Sports Nutrition Habit Checklist
Although awareness of nutritional values (kcals, protein, carbs, fats) is fundamental for progress, habits are key to a sustained change.
This is the reason why as part of the Box framework, we look at developing several habits that help form the basis of a good diet. As you begin to implement these habits, your healthy diet begins to take shape and results will follow.
1. Include more vegetables
You may see this as a recurring theme but a diet rich in a variety of vegetables has numerous benefits for health, body composition and performance. So, make consuming a variety of different coloured vegetables in your diet a priority.
2. Drink more water
Hydrate yourself. An incredibly simple way to boost performance, help control cravings, improve energy levels and mood. Aim to drink water immediately upon waking and until your urine becomes transparent. Or just make sure you always keep a water bottle with you.
3. Make hitting protein numbers a priority
The literature consistently shows us that a diet high in protein helps with favourable changes in body composition and building new muscle. If you prefer not to calculate this number, aim to consume a portion (20g for women, 40g for men) of protein with every meal.
4. Educate yourself to help make better food choices and substitutions
Investing some time into understanding the foods that you’re eating will enable you to make better food choices and help you identify areas where you need to improve. By understanding the nutritional values of food like the number of kcals, protein or fat they contain will give you a better grasp of how much you are currently eating, and also how much you should be eating. This gives you more flexibility with your diet moving forward.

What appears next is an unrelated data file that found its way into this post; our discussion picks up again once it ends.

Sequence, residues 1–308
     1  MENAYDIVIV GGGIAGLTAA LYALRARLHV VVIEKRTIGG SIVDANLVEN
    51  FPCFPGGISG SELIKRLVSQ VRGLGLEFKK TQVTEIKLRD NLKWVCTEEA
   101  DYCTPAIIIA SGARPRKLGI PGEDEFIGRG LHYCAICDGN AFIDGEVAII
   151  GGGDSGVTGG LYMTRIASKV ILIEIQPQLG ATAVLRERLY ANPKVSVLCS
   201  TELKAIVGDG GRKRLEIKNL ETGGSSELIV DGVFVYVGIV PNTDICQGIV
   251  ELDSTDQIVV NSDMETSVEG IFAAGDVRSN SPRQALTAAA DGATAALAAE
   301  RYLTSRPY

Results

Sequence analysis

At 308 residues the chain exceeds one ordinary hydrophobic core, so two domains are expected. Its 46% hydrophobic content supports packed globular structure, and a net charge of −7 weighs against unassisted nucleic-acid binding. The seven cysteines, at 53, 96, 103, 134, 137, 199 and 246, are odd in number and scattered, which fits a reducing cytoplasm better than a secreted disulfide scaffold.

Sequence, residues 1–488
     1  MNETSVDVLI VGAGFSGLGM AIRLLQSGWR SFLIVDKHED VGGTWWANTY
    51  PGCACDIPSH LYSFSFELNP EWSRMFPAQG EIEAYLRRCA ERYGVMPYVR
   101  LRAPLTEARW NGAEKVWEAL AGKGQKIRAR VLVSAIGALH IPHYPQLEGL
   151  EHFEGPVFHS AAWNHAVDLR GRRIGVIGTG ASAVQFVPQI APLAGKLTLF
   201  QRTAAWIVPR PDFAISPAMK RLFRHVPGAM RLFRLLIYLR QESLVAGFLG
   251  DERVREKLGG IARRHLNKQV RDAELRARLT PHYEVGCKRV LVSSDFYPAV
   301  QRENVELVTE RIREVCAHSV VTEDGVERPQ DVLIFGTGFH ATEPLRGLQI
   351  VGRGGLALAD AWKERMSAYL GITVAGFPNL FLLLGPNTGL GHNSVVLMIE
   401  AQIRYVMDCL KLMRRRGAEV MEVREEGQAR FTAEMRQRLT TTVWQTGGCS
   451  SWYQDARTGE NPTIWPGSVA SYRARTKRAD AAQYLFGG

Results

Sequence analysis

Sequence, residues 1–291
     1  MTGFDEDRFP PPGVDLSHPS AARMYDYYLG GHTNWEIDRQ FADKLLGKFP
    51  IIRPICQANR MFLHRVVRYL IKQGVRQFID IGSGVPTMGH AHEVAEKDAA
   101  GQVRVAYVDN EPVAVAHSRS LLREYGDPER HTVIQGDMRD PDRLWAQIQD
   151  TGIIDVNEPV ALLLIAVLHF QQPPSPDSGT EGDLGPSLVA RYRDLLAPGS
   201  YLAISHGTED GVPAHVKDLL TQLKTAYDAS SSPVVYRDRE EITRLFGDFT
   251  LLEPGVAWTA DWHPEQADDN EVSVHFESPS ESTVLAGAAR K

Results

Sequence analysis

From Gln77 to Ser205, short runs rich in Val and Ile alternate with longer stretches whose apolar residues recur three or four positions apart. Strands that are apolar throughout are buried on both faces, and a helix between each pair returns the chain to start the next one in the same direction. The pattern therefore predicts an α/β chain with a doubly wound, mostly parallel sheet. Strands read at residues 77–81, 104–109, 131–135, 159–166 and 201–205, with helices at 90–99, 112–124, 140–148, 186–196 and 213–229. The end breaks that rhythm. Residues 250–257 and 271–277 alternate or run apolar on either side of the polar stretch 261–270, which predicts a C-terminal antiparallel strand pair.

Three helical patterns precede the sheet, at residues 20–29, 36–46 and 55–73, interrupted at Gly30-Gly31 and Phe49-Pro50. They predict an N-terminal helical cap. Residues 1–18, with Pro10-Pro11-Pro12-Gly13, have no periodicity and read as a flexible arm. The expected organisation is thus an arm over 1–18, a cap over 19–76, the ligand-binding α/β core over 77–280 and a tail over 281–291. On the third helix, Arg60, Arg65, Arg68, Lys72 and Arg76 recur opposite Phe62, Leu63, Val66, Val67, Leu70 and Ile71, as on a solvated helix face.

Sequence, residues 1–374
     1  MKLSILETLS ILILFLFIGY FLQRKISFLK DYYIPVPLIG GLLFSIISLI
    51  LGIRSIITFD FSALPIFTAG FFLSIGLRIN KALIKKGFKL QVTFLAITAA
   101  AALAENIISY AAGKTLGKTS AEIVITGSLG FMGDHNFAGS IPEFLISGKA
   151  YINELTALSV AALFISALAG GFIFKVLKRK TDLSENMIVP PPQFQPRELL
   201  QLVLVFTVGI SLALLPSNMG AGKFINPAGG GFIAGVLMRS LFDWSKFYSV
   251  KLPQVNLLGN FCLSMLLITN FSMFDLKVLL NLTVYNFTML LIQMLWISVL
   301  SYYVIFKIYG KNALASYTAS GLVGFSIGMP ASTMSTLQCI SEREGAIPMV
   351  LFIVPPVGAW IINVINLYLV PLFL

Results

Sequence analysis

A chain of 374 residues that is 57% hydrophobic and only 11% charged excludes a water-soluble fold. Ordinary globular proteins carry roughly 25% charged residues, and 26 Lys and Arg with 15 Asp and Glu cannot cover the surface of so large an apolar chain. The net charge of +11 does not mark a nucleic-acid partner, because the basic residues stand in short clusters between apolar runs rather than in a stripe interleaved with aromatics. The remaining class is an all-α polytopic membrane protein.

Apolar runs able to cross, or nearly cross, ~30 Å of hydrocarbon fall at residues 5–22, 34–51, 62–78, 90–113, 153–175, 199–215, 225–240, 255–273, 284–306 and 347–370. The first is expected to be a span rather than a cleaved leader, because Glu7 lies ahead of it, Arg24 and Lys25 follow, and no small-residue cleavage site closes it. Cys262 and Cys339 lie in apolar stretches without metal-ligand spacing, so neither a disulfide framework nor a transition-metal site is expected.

The best way to do this is simply to track what you eat.
5. Start by adding foods in rather than only taking foods out
Increasing foods like sources of lean protein, fibrous fruit and veg will have just as much of an impact on performance and body composition as removing all typically ‘bad’ foods. It will also help with reducing the feeling of ‘dieting’, and increasing the feelings of fullness. This will help you stick to your new eating plan.
6. Strive for 7-8hrs of sleep
Sleep is just as important as nutrition and exercise. Being deprived of sleep can impact body composition, hunger, hormone regulation, energy, risk of illness and injury and subsequently performance. If you can’t get 7-8 hours of sleep daily, consider power naps (aim for 15-20 minutes) when you can.
Why not get the book. Fuelling the Functional Athlete walk is a sports nutrition book that walks you through everything you need to know when it comes to sports nutrition.